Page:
I am typesetting a 17th century English theological document that uses a smattering of Greek and Hebrew. I am using LuaLaTeX with TeXShop on the Mac.

Is LuaLaTeX up to the task? If so what are the basic steps needed to get accented Greek and pointed Hebrew? Is it possible to have English sentences interspersed with occasional Gk and Heb words, or can they (esp Heb) only be set in their own paragraphs?

My plan was to use SBL Greek and Ezra SIL Hebrew fonts. Are these reasonable choices?

Ideally I would like to be pointed to a tutorial that describes this stuff from the ground up (or rather, as suitable for someone with a Lamport understanding of LaTeX). But short of that I'm throwing myself on the mercy of knowledgable strangers!


2 Answers 2


LuaLaTeX is your choice! Greek is possible without any adjustments. Hebrew, as it is a language from right to left, needs adjustments. Of course, you need to use \usepackage{fontspec} in the preamble (as is usual when using LuaLatex).


You need a font that supports all the accents. If your mainfont for latin text does not support them, you need to implement a special greek font:

\newfontfamily\greekfont[Script=Greek, Scale=MatchUppercase, Ligatures=TeX]{GREEK FONT NAME}

If your main font does support them you can just use:


I use a command like this for my greek passages, because so it stays possible to decide later whether the Greek words should be italicized or bold or whatever or not. This command sets Greek text in italics, because of the \emph{…} - if you don't want this, delete it.)

Now you should be able to set Greek text inside Latin text by entering: \textgreek{γέγονεν}.


You need to set up a font and the settings for right-to-left-text:

\newfontfamily\hebfont[Script=Hebrew, Scale=MatchUppercase, Ligatures=TeX]{HEBREW FONT NAME}
\newcommand{\textheb}[1]{\bgroup\luatextextdir TRT\hebfont #1\egroup}

Now you should be able to set Hebrew text inside Latin text by entering: \textheb{עִבְרִית}.

Typographic Advice

You should use a font that already contains Latin and Greek accented characters. If you're lucky, you'll find (a good) one that also contains Hebrew. Thereby you assure that the three languages have the same font style. It may not be a good idea to use three different fonts - except if they resemble each other in style.

Have a look at the Brill Font. Palatino also has nice Greek. Or, if you want an expensive one, Adobe Garamond. I don't know anything about Hebrew fonts.

Entire Example Code of heb.tex

% !TEX TS-program = lualatexmk
\documentclass[11pt, a4paper]{scrartcl}

\setmainfont{Times New Roman}

\newfontfamily\greekfont[Script=Greek, Scale=MatchUppercase, Ligatures=TeX]{Arial Unicode MS}
\newcommand{\textgreek}[1]{\bgroup\greekfont\emph{#1}\egroup} % Please note, that Arial is not set in italics, notwithstanding the \emph{...}

\newfontfamily\hebfont[Script=Hebrew, Scale=MatchUppercase, Ligatures=TeX]{Ezra SIL}
\newcommand{\textheb}[1]{\bgroup\luatextextdir TRT\hebfont #1\egroup}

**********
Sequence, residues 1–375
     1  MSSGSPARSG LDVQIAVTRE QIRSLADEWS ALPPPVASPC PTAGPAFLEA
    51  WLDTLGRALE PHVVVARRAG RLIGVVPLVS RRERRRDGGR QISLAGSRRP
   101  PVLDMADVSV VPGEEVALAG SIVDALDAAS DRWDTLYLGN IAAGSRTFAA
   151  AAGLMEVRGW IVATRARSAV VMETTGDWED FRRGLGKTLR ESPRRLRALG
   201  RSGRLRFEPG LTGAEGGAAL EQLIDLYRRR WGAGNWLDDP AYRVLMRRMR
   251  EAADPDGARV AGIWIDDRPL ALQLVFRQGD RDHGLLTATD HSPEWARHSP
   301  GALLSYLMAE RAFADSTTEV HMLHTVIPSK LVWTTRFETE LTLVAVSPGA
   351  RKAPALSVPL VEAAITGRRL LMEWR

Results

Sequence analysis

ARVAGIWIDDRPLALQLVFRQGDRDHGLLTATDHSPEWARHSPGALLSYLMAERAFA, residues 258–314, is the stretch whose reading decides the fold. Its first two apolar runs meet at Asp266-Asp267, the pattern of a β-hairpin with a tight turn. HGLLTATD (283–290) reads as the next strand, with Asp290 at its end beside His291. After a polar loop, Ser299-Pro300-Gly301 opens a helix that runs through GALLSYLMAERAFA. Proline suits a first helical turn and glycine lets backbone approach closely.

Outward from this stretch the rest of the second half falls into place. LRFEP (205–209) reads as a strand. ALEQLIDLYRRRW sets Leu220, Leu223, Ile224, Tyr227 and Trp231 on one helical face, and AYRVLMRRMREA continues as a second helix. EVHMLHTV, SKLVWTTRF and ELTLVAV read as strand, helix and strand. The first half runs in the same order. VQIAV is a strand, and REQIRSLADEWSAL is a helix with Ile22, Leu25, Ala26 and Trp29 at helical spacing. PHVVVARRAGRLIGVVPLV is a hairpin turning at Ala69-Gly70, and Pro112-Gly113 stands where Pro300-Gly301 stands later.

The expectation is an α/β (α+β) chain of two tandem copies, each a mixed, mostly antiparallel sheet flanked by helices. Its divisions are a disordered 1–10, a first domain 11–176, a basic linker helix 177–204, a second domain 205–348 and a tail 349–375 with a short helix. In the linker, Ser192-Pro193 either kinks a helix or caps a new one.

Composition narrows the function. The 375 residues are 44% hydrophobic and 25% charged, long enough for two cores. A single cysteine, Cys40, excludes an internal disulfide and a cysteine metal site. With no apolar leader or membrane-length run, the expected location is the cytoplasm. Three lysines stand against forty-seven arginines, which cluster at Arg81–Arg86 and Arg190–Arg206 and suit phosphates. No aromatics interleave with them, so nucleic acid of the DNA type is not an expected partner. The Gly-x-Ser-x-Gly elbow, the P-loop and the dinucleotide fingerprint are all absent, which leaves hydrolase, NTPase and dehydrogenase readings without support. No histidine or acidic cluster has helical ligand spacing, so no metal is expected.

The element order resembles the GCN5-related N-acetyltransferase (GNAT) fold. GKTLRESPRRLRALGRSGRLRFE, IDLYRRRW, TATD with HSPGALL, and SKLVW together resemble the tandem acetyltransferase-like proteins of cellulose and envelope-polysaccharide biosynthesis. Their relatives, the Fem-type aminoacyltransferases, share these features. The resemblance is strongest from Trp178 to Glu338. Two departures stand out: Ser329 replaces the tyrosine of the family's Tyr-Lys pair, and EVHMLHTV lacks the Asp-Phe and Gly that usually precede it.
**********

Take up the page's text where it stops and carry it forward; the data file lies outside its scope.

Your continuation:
This is \textgreek{γέγονεν} Greek. And this is \textheb{עִבְרִית} Hebrew.

  • Thanks, Clint -- That's a wonderful answer! I think the one remaining piece of the puzzle is getting and installing Greek and Hebrew "keyboards." I'm working through some instructions I found here: sbl-site.org/educational/BiblicalFonts_FAQ.aspx Commented Jul 30, 2012 at 19:20
  • @PaulDulaney : are you working with Mac or Windows? Commented Jul 31, 2012 at 7:34
  • I am using LuaLaTeX with TeXShop on the Mac. Commented Jul 31, 2012 at 16:20
  • 1
    Before changing TeX engines I decided to go take another look at the "First Steps with General Typesetting.pdf" article available from the TeXShop help menu. At the top of page 3 they say to put the following at the beginning of your source file: %!TEX encoding = UTF-8 Unicode and after doing so things are now working for me. I suppose there must be some more elegant way that you are achieving this same result? (I.e., telling TeXShop to interpret the source as UTF-8.) Commented Aug 20, 2012 at 22:32
  • 1
    @PaulDulaney : I am glad to hear that. What you could try -- and what I in fact do -- is to just tell TeXShop in the settings to save all files as unicode (instead of MacEncoding). Have a look at the settings of TeXShop. It's easy and imho should in most cases be done anyway. Likewise could you set in the "Save as..."-menu your encoding format of this file only to unicode. Commented Aug 21, 2012 at 20:50

As of 2021, definitely it’s up to the task. Here is an example with babel, which switches the font based on the script:


\usepackage[bidi=basic, english]{babel}

\babelprovide[onchar=fonts ids]{ancientgreek}
\babelprovide[onchar=fonts ids]{hebrew}



A Hebrew text is בְּרֵאשִׁית בָּרָא אֱלֹהִים אֵת הַשָּׁמַיִם וְאֵת
הָאָרֶץ, and a Greek one is Ἐν ἀρχῇ ἐποίησεν ὁ Θεὸς τὸν οὐρανὸν καὶ τὴν


enter image description here

  • 1
    It is a good answer, but unfortunately Hebrew text will be justified to the left side, not to the right. So if you need to write a whole paragraph you need to do \begin{otherlanguage}{hebrew} Commented Jun 26, 2022 at 11:55

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